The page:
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Irlen syndrome, the condition medical experts say doesn’t exist, promoted in schools

Email Irlen syndrome, the condition medical experts say doesn't exist, promoted to school teachers ABC Goldfields By Rhiannon Stevens

Updated June 26, 2019 12:33:28

Louise Billlinghurst's son wears the lenses Photo: A diagnosis for the syndrome was 'discovered' by Helen Irlen who later patented the coloured filters. (ABC Goldfields: Rhiannon Stevens) Related Story: How our schools are failing to teach kids to read Related Story: 'Kids are feeling dumb': Parents push for smarter teaching of dyslexic students Audio: Eye specialists take aim at Irlen syndrome (Health Report) Map: Kalgoorlie 6430

You might mistake them for hip sunglasses, but these tinted lenses are often proposed as the treatment for a controversial medical condition.

Key points:

  • Irlen syndrome is not recognised by most medical professionals and is diagnosed by a licensed Irlen diagnostician
  • Information on treatments is entering public schools via social media and out-of-hours teacher training sessions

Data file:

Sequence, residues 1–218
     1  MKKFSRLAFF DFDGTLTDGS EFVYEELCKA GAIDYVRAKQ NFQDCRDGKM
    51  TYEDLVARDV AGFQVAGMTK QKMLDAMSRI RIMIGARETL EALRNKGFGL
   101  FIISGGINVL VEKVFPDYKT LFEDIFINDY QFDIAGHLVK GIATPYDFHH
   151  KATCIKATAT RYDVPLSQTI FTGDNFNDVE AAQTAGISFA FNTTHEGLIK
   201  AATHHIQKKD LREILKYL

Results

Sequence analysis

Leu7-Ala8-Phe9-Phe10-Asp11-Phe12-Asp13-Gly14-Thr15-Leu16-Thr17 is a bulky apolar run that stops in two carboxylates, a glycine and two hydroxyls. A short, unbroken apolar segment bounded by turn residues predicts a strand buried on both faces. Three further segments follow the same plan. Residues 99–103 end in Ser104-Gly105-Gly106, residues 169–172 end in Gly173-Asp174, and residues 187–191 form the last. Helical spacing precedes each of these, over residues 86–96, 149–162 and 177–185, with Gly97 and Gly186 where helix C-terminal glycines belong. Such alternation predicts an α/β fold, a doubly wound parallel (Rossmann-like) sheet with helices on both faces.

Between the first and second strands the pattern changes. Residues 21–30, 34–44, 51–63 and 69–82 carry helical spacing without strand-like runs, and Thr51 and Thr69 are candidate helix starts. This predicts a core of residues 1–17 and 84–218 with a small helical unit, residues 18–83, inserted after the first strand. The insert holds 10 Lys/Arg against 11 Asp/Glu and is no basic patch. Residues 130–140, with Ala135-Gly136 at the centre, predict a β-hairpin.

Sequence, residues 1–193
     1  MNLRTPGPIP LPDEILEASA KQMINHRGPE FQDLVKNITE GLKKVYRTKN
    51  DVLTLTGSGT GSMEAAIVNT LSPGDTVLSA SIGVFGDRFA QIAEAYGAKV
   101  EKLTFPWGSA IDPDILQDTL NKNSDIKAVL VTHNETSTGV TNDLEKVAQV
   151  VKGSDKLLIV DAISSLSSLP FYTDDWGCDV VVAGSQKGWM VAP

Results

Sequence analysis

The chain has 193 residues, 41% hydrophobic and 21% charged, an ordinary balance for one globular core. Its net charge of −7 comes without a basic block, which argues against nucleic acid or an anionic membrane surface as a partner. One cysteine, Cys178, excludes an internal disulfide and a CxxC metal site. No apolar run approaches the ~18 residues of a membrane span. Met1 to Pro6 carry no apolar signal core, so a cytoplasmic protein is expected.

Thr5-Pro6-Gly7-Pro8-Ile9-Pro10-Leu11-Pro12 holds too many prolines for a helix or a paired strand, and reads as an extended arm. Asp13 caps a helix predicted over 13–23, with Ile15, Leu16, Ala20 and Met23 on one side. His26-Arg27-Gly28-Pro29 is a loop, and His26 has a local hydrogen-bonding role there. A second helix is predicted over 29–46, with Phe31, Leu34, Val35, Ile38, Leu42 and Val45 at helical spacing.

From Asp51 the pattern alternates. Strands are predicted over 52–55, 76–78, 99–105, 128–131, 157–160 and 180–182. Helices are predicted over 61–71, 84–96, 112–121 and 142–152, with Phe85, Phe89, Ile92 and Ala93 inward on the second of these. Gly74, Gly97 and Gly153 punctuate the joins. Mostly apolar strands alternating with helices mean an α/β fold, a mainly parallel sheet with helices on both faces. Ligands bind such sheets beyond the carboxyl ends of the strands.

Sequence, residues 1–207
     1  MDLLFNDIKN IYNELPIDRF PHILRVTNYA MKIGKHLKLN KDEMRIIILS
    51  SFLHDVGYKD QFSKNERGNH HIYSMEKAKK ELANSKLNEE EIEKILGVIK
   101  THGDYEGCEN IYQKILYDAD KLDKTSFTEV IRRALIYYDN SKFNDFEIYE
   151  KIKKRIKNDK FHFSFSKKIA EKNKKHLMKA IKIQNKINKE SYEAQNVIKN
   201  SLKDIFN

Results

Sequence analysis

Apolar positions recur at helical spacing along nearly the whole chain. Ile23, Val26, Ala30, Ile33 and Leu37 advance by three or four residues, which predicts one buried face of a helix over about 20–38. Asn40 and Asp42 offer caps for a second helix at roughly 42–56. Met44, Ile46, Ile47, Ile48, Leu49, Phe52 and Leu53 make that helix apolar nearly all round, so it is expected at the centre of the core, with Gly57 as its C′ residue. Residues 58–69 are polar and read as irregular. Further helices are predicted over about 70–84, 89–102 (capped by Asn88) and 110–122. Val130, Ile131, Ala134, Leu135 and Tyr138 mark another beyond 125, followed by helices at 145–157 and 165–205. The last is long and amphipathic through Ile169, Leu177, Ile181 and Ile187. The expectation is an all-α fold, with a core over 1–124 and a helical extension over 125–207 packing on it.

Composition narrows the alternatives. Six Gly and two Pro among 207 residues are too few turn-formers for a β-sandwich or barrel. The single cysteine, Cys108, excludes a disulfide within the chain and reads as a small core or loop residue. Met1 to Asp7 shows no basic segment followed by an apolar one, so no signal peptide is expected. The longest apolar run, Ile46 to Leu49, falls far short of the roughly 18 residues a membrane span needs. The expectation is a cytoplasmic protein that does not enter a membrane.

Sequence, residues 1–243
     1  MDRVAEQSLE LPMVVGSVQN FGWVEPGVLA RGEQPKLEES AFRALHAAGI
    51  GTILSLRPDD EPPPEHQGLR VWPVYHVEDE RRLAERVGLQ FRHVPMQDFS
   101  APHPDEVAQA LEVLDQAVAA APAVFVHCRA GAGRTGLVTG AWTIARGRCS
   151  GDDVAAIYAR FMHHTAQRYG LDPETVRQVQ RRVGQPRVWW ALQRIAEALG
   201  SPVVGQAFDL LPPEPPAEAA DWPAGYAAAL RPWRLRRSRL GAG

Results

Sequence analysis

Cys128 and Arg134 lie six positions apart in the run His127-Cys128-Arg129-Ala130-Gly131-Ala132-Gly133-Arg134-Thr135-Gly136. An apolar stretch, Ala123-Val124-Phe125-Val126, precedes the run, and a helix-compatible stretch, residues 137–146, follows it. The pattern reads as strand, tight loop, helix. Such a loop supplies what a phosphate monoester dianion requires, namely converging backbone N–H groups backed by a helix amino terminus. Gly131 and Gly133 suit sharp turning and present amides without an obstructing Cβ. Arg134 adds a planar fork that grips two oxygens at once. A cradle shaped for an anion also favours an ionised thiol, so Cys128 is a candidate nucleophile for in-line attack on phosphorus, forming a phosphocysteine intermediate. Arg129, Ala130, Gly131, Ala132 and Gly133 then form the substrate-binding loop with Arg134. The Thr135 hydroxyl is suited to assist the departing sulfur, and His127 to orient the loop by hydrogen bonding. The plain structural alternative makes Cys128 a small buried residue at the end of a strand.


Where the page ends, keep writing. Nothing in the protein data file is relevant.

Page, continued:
• Treating the so-called syndrome can stall good interventions known from evidence that works, experts say

Available in all the colours of the rainbow, the glasses are synonymous with Irlen syndrome, described as "a visual perceptual problem".

The only problem is, according to most medical experts, Irlen syndrome does not exist.

Last year, the Royal Australian and New Zealand College of Ophthalmologists (RANZCO) came out strongly against Irlen syndrome, saying there was no evidence the condition existed or the treatment of reading difficulties with Irlen lenses worked.

In its position paper, RANZCO methodically dispelled the reasons why anecdotal evidence from parents showed Irlen lenses working.

Yet information and treatment for Irlen syndrome continues to make its way into schools, raising questions around who is sharing information with educators on medical conditions and learning disabilities.

Diagnosis runs counter to medical professionals

The syndrome was 'discovered' in the 1980s by Helen Irlen, who later launched the US-based Irlen Institute which patented coloured filters for treating the syndrome.

What is (or isn't) Irlen syndrome?

  • Commonly defined as a perceptual processing disorder
  • It suggests that the brain is unable to properly process visual information due to sensitivity to certain wavelengths of light
  • Symptoms are said to include poor concentration; difficulties with reading, writing and comprehension; glare sensitivity; headaches and poor depth perception
  • RANZCO's position statement states "there is still no sound theoretical basis or evidence that the condition actually exists"
  • Associated treatments such as coloured lenses have not been proven to be any more effective that a control group